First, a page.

“The first thing you’ll notice is a clear separation between Bang & Olufsen and Play,” Mantoni says of the concept. “At the same time, you can see the shared values between the two. We wanted to create opportunities in the Play area for customers to interact with the product: Take your own iPhone or Android phone, stream your music, use the headphones. This is to take away the notion that Bang & Olufsen is very expensive and you don’t want to touch it. In the Bang & Olufsen area, we have created different experiences for people: You can sit on a sofa and watch TV, and a revolving platform will take you from a stereo set-up to a surround-sound set-up. There’s also a speaker wall where you can listen to and compare the different speakers.”

In typical Bang & Olufsen style, it’s no ordinary speaker wall, but one composed of individual panels that rotate, via remote command, to reveal the speakers mounted on the reverse. A Chinese client in the Shanghai boutique was apparently so taken by this “mechanical magic” – as Bang & Olufsen personnel refer to it – that he asked to purchase the wall. This “magic” – mechanical or tactile surprises such as soft-closing lids and moving parts (remember the iconic Beo Center 2500 with motion-activated glass sliding doors?) – is another aspect that sets the brand apart from its competitors, and will continue to do so in the forseeable future.

For instance, where other TV manufacturers are caught up in making TVs that are bigger, flatter and cheaper, Bang & Olufsen is working on user-friendly, intuitive features such as the different ways a TV can swivel around, or how the device springs to life on demand. “There, you will see us taking some really big steps in the next six months,” says Mantoni.


In the meantime, Bang & Olufsen fans can satiate their desires with the new range of wireless speakers, Beo Lab 17, 18 and 19, introduced in October last year. The all-digital speakers leverage the new Wisa standard for multi-channel wireless sound, and are equipped with the company’s proprietary Acoustic Lens Technology (ALT). The key advantage of ALT is that it distributes sound horizontally with 180 degrees of dispersion, giving audiophiles an optimum acoustic experience from anywhere in front of the speaker.

The collection’s centrepiece is the Beo Lab 18. With its sleek aluminium tubular body and wooden slats arranged in a radial pattern on the front, the Beo Lab 18 is as beautifully designed as it is engineered. Its designer, Torsten Valeur, 47, head of David Lewis Designers and a long-time Bang & Olufsen collaborator, introduced his latest creation at the Copenhagen flagship.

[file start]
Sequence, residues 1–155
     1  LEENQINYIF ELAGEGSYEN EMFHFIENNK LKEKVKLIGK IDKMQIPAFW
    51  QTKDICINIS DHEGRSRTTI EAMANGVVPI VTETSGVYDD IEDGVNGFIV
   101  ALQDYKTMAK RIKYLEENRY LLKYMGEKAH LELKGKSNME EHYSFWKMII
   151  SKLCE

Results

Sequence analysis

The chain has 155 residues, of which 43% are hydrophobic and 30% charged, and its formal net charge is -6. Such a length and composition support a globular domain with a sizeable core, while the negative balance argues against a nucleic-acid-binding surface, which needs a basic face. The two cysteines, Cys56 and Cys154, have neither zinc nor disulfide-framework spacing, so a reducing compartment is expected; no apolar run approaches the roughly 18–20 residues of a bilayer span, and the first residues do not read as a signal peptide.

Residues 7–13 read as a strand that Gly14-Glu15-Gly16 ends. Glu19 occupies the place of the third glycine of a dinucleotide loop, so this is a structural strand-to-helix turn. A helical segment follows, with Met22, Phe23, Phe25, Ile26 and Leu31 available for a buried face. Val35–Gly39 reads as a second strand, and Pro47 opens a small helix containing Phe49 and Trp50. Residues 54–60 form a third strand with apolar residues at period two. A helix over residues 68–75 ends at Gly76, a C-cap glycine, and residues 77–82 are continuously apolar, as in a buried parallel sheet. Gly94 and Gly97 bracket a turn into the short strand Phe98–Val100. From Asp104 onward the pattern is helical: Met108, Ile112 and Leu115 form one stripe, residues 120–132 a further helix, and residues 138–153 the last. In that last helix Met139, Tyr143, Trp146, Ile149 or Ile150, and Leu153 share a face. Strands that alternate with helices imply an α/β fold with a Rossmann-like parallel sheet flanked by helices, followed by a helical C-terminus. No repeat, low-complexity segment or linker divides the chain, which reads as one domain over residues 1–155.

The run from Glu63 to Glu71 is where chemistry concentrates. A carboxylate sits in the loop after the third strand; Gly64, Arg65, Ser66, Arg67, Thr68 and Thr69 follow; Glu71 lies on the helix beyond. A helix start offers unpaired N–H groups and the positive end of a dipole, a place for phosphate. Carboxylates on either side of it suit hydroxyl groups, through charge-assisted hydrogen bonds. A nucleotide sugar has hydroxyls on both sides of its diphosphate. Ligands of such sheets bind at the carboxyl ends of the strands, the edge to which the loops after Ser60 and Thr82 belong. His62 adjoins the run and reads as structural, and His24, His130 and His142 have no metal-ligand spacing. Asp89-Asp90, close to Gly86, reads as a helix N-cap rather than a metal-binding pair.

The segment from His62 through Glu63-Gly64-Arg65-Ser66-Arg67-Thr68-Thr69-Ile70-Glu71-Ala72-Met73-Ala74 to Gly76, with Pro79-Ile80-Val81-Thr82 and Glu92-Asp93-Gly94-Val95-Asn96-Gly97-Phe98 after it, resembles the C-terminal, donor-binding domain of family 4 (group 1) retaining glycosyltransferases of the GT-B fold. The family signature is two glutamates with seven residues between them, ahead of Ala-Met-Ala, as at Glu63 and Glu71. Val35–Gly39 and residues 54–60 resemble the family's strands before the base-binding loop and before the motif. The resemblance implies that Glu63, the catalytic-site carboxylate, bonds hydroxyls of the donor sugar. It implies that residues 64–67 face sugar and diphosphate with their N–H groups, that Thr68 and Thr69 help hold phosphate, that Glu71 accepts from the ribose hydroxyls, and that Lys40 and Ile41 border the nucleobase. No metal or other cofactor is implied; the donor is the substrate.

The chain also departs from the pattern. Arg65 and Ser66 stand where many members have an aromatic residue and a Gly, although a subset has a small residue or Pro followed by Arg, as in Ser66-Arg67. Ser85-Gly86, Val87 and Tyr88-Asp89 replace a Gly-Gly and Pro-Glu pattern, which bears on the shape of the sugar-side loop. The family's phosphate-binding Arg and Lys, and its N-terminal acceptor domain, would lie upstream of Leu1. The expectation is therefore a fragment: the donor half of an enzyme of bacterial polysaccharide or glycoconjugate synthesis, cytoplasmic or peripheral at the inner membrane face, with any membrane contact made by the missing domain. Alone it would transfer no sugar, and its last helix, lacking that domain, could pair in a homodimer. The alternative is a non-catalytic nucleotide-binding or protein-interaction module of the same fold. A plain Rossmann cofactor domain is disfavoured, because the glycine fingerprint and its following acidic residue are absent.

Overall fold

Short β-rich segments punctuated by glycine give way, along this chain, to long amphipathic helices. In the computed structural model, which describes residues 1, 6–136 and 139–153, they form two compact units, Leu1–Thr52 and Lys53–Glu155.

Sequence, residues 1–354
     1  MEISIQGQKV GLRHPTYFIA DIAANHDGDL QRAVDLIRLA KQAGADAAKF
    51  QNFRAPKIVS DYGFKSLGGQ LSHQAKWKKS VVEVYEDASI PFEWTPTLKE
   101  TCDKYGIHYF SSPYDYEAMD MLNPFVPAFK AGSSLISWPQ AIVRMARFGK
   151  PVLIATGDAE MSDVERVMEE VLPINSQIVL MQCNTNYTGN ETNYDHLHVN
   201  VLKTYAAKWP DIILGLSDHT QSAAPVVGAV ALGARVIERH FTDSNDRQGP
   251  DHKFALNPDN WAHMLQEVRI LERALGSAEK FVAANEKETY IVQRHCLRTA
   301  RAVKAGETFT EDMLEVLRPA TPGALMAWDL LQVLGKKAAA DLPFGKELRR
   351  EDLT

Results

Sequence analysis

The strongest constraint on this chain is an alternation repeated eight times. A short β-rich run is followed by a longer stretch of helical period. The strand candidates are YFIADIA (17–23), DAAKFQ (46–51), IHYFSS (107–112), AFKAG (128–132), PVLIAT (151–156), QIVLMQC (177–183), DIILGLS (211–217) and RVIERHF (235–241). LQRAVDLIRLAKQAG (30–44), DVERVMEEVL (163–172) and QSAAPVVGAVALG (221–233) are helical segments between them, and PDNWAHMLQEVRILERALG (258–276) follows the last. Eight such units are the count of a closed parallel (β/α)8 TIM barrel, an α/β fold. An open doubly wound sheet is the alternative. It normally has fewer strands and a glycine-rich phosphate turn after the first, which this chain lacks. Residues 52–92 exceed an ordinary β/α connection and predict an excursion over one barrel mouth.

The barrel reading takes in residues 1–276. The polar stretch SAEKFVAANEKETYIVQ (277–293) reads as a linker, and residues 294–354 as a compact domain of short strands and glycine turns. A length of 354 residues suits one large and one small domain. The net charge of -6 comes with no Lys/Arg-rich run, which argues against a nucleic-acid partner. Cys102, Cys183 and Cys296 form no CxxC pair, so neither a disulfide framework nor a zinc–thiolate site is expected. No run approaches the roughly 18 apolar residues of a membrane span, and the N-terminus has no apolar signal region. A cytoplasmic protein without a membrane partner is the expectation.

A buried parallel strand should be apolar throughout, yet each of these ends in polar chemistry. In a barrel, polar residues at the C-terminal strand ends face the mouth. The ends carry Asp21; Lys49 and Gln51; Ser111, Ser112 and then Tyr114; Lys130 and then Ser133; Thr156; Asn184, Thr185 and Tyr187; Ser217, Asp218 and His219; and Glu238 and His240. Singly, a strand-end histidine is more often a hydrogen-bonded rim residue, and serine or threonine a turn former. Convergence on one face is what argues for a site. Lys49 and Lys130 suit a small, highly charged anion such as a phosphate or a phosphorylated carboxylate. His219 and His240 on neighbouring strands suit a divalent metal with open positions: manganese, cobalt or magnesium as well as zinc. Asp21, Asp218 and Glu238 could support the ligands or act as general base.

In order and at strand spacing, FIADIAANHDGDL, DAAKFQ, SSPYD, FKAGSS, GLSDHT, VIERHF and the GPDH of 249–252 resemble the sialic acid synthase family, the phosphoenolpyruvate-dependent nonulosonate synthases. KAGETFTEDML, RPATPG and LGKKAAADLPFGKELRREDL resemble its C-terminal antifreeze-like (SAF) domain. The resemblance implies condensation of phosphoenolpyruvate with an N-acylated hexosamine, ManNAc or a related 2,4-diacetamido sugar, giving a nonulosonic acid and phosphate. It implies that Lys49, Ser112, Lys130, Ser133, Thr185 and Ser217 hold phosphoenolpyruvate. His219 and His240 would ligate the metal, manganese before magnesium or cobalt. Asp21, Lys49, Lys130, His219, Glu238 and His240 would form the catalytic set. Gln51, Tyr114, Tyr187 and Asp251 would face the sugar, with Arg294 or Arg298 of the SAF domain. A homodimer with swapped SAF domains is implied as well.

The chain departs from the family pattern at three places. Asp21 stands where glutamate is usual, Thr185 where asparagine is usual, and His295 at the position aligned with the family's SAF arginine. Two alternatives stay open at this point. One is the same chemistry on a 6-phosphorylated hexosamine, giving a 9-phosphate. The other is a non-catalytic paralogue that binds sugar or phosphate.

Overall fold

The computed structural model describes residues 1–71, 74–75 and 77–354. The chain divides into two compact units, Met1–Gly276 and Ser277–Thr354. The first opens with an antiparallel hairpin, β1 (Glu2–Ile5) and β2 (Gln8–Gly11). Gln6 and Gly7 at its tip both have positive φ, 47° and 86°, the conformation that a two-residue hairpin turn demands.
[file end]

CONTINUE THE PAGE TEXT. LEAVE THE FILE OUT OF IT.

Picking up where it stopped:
Torsten Valeur, designer of the Beo Lab 18.
Torsten Valeur, designer of the Beo Lab 18.

I thought of creating a more poetic way of having the sound come out of the tube. That’s how the (wooden) slats came about.
Torsten Valeur, Beo Lab 18 Designer

“The idea was to have a design that stood on a toe, instead of going straight down to the ground. The curved chromed feet is my way of making the tube appear slimmer than it actually is. And then I thought of creating a more poetic way of having the sound come out of the tube. That’s how the (wooden) slats came about – they’re like rays that shoot out from a central point. I love being in a room with a lot of natural wood. There’s a certain hygge,” he says, using the ubiquitous Danish term for cosiness. “It was hard to produce this design, because wood is organic and wants to move depending on the humidity and temperature, for instance. The first reaction from Bang & Olufsen was that it couldn’t do it. But it hasn’t compromised the sound in any way; in fact it sounds crisper.”

The centrepiece of the company's range of wireless speakers, the Beo Lab 18.
The centrepiece of the company’s range of wireless speakers, the Beo Lab 18.

Besides the main line and Play, the firm also does a thriving business in car Hi-Fi systems. Currently, it supplies four premium/luxury marques – Audi, Aston Martin, Mercedes and BMW – with stereo equipment. The system comes standard in top-of-the-line models like the Aston Martin Vanquish, while it is optional for other models. Over 150,000 units are sold every year, accounting for 25 per cent of total company revenue. At Struer, journalists were given a chance to test the system installed in an Aston Martin Vantage. As this correspondent discovered, the sound was crisp and three-dimensional, with the bass solid and distinct, unlike the bass overkill that sometimes occurs in systems of lesser make.

The company’s latest salvo is The Living Room Tour, an online platform that aims to reassert the company’s credentials as the go-to brand for musicians and audiophiles. To do so, the firm teamed up with no less than former Beatle, Sir Paul McCartney, for the launch. A dedicated site was set up to live-stream an interview with the musical legend, and fans could tweet their questions live, too. Mantoni stresses that the collaboration wasn’t an endorsement. “You didn’t see him with a Bang & Olufsen product saying how much he loved it, but you heard him speak about sound and music and his journey through life. We will continue to build on this (platform) with other artists, but they may not have as big a name as Paul McCartney. They might have different musical styles, or come from a different culture or country.”